Garden Diary - April

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Container Gardening, an NYBG Plant Studio Course
Week Four, Maintaining Your Container Garden

Week 4 Overview
begins with a very lucid and informative presentation by Mobee Weinstein,
presenter for week four of the Plant Studio's Container Gardening course.

Week 4, Part 1 Maintaining Your Container Garden: Keeping Up with Your Containers

image courtesy of the New York Botanical Gardens, all rights reserved
Clippers and scissors to cut, string and jute to tie, stakes for support. And a bucket or a
a basket, a trug to collect all the debris after you are done pinching, clipping, pruning.

Pinching, we are told, is the removal of plant buds to encourage branching and create a fuller plant.

image courtesy of the New York Botanical Gardens, all rights reserved

image courtesy of the New York Botanical Gardens, all rights reserved

Week 4, Part 2 Maintaining Your Container Garden: Deadheading Flowering Plants
Mobee describes just what to do and why, how to do it, and then demonstrates these maintainence techniques.
She points out these plant care techniques are necessary not just for container plants but also garden perennials.
How often? At least weekly (once a month lets problems get beyond you) for dead, damaged, diseased plant parts.
There's "dead-leafing" which just like it sounds, meaning removing old, tired leaves. Removing old fading flowers
encourages additional new flowers especially on annuals. Lastly, pinching is pruning used for tender new growth.

Week 4, Part 3 Maintaining Your Container Garden: When and How to Repot a Plant - Potting Up

image courtesy New York Botanical Garden all rights reserved

It makes more sense if you understand why, when, and how to pot up a plant growing in a container. Move a plant's pot up a size at a time, for example shift a plant in a 6 inch diameter pot to an 8 inch diameter pot. Unpot, loosen roots, pot a piece of screening or thin paper towel over the drainage hole. Add some soil, see that the plant will be at the proper height in its new pot, then add more soil between root ball and wall of >new pot. Tamp lightly to eliminate any air pockets. Use a pencil to write useful information on a label. Then water until some water drains at the bottom of the pot, being sure to water pot and soil, not the plant.

You'd think this is enough information for this segment but Mobee has more tidbits to share. She quickly describes and demonstrate techniques such as double potting, wicking, using decorative cache pots. Done? Not quite. Group plants for decorative appeal and localized increase in humidity, perhaps using a humidity tray, and even demonstrates using a glass cloche as a terrarium, a sort of tabletop greenhouse.

Week 4, Part 4 Maintaining Your Container Garden: Overwintering Outdoor Containers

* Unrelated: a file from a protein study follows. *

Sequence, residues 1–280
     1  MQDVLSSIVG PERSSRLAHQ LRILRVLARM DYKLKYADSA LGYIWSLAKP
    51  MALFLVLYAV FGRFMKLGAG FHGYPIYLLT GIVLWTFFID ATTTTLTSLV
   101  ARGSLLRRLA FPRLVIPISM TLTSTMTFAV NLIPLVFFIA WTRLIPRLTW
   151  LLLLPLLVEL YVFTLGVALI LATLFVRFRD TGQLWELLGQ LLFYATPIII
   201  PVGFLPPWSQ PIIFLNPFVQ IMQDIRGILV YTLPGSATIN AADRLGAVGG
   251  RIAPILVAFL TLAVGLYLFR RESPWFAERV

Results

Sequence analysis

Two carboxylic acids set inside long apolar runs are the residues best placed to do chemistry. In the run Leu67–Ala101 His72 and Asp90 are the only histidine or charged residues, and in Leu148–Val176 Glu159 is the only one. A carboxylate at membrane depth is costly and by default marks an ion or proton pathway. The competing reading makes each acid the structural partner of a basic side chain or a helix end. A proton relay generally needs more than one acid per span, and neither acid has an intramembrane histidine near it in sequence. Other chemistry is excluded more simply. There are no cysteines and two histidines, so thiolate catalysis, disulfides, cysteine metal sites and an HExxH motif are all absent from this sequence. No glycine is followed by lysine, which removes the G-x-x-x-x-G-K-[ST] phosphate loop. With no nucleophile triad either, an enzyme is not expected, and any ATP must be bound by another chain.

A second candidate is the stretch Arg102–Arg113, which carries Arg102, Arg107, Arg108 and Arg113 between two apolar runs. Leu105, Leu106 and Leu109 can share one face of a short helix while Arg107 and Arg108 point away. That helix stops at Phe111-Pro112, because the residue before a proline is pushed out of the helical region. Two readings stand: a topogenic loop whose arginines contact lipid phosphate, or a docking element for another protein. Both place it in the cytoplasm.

If you live in a location where winters are cold, tropical plants will obviously not survive outdoors.
They will need to come into a greenhouse, a sun room, or at least indoors to a sunny window. Even if
cold hardy, think about the pot. Terracotta will spall and crack if the soil inside freezes and expands.
Plastic or resin pots are much more durable, Mobee points out. And there are techniques that will help.

image courtesy New York Botanical Gardens, all rights reserved
Pot feet, raising the bottom of the pot off the ground, patio or terrace are a good idea year round.
The pot will drain well during the growing season, and will not freeze to the ground in winter's cold.
Use three pot feet, equally spaced, to nicely support the pot. Remember, three points define a plane.

image courtesy New York Botanical Gardens, all rights reserved

Heeling in is a term used when burying pot and plant in the ground in winter to protect from freezing. Of course you need bare ground, not a site where plants are growing. And Mobee quipped that hopefully it would be as soft and easy to dig as her soil where she was demonstrating. If you are concerned about earth and/or organic matter staining the pot, slip it into a garbage bag before lowering it into the ground.

Mobee had a couple of good asides, advising listeners to put the heel of their foot on the shovel or spade's shoulder when digging as that is where your foot is stronger. Also, remember to bend your knee while digging, not your back.

image courtesy New York Botanical Gardens, all rights reserved
And if there is no plant-free, soft soil area, an alternative would be to pile mulch
all around the pot, being sure to cover well all the way up to the container's rim.

Other options and possibilities include wrapping the pot with fiberglass insulation (wear a breathing mask and eye protection), then using plastic to protect the fiberglass and its paper layer from damaging rain.

A very useful conclusion to a helpful class about container gardening indoors and outside.

There is a Reading and Resources list with links to the New York Botanical Garden's
LuEsther T. Mertz Library Guide. Several appropriate publications may be read online.
and in addition
There is a link for a field trip, a video tour of an NYBG production greenhouse, one acre in size.

See also Sample Final Project
Container Gardening, week three
Container Gardening, week two
Container Gardening, introduction and week one

Gratis registration for this Plant Studio course has been provided by the New York Botanical Garden

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